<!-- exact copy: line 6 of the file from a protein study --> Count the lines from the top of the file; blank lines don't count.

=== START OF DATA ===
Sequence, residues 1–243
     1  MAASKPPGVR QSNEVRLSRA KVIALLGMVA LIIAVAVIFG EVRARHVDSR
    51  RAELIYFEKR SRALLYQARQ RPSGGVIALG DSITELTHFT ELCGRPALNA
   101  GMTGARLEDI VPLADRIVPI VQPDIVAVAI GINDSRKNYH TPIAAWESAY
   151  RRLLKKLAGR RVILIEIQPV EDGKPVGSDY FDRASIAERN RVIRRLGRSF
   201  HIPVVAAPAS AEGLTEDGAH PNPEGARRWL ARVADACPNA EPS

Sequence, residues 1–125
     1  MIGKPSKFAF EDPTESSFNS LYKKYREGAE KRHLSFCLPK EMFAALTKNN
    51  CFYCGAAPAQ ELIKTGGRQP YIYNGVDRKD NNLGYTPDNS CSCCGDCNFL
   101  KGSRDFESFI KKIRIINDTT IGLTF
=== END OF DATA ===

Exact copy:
   201  HIPVVAAPAS AEGLTEDGAH PNPEGARRWL ARVADACPNA EPS